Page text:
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In re AC

533 A.2d 611 (1987)

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In re AC

District of Columbia Court of Appeals

533 A.2d 611 (1987)

Facts

AC (defendant) had completed treatment for leukemia and was in remission when she became pregnant. When AC was 25 weeks pregnant, her physicians found a cancerous tumor in her lung and AC was given a terminal prognosis. AC was then admitted into the George Washington University Hospital (hospital) (plaintiff) the following week. Physicians discussed with AC and her family the option for AC to undergo chemotherapy or radiation therapy so that her pregnancy could continue until she reached 28 weeks, at which point the child’s chance of viability would be increased. AC informed the physicians that if her gestational period reached the 28-week mark, the physicians should do everything possible to save the fetus, even at the expense of AC’s life. However, there was no discussion regarding whether AC consented to the physicians taking all possible measures to save the fetus before the 28-week mark. When AC’s pregnancy reached 26 weeks, AC had to be heavily sedated to breathe and the fetus was suffering oxygen deprivation. The hospital filed a petition in superior court, seeking a declaratory order from the court as to whether the hospital could perform a cesarean section to save the life of the fetus without AC’s direct consent. The court held a hearing, during which multiple physicians testified. Some physicians believed that AC would not have wanted to deliver the baby before 28 weeks because the baby was at an increased risk for certain handicaps, but other physicians believed AC would have consented to the cesarean section. The court then authorized the procedure on the ground that the fetus was viable and therefore the state had an interest in protecting the potential life. However, shortly after the decision, AC had a period of lucidity, during which she consented to the cesarean section after being told her chance of survival was low but then changed her mind shortly after and withdrew consent. The matter was then appealed.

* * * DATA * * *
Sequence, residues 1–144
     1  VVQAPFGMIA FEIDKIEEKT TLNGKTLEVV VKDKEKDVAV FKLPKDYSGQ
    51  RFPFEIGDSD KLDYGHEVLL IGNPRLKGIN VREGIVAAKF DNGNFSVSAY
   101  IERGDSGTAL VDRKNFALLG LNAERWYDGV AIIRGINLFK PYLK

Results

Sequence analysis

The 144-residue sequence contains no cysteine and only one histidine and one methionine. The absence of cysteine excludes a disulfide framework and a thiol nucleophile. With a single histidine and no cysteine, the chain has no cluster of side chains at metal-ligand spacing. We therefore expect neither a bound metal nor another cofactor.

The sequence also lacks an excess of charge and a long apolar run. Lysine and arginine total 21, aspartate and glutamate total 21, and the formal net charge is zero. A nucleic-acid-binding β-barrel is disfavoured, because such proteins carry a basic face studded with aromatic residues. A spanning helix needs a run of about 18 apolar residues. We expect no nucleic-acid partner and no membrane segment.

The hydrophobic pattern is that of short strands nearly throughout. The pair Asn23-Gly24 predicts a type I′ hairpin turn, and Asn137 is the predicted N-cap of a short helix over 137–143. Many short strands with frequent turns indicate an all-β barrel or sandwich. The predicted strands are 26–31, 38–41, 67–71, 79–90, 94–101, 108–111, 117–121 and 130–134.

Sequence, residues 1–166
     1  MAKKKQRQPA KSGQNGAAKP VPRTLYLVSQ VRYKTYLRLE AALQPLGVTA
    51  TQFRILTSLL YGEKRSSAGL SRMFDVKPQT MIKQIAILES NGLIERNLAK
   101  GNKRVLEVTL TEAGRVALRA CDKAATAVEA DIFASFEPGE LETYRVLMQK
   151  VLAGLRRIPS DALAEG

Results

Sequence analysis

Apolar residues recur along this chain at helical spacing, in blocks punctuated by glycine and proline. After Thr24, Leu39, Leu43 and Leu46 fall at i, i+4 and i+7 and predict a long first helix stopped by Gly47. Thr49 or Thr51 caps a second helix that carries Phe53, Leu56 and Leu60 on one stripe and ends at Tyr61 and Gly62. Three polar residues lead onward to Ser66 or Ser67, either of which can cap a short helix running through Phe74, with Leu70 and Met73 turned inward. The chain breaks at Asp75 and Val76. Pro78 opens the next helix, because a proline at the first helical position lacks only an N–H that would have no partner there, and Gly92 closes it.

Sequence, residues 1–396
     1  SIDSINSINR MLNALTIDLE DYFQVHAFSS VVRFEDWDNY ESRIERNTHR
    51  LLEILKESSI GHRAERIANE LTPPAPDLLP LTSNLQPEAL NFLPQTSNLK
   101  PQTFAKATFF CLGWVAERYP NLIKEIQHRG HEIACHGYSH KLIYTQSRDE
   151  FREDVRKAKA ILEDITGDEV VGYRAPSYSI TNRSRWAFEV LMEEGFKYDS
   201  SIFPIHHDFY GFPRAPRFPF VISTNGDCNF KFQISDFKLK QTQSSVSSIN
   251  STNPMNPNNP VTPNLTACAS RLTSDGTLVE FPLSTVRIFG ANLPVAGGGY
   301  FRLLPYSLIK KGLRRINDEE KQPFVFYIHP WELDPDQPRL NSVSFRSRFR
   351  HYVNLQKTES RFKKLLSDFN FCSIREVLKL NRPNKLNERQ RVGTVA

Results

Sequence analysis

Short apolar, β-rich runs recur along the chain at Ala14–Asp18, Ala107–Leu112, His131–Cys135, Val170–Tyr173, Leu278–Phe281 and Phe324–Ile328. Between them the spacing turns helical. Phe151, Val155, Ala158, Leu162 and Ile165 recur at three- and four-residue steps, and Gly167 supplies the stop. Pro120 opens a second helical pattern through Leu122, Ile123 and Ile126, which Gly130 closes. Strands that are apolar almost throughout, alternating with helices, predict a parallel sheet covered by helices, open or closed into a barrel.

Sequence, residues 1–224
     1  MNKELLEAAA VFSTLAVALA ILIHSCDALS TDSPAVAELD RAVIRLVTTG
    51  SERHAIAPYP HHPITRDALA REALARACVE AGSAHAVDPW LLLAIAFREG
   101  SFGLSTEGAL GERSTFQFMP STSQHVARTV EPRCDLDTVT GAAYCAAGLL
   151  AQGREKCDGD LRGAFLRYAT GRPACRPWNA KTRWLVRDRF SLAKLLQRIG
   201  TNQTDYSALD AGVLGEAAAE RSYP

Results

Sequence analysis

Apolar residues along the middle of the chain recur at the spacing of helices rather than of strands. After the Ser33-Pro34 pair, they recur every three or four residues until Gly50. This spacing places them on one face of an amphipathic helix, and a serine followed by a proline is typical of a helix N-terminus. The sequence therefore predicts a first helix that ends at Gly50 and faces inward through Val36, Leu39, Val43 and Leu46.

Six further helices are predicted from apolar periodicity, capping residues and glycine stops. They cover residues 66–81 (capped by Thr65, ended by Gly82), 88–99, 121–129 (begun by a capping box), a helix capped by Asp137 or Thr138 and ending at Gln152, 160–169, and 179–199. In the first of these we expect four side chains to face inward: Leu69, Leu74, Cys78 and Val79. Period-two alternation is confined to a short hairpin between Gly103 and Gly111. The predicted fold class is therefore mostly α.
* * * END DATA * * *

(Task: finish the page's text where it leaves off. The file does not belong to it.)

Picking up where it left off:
Rule of Law

Issue

Holding and Reasoning (Nebeker, J.)

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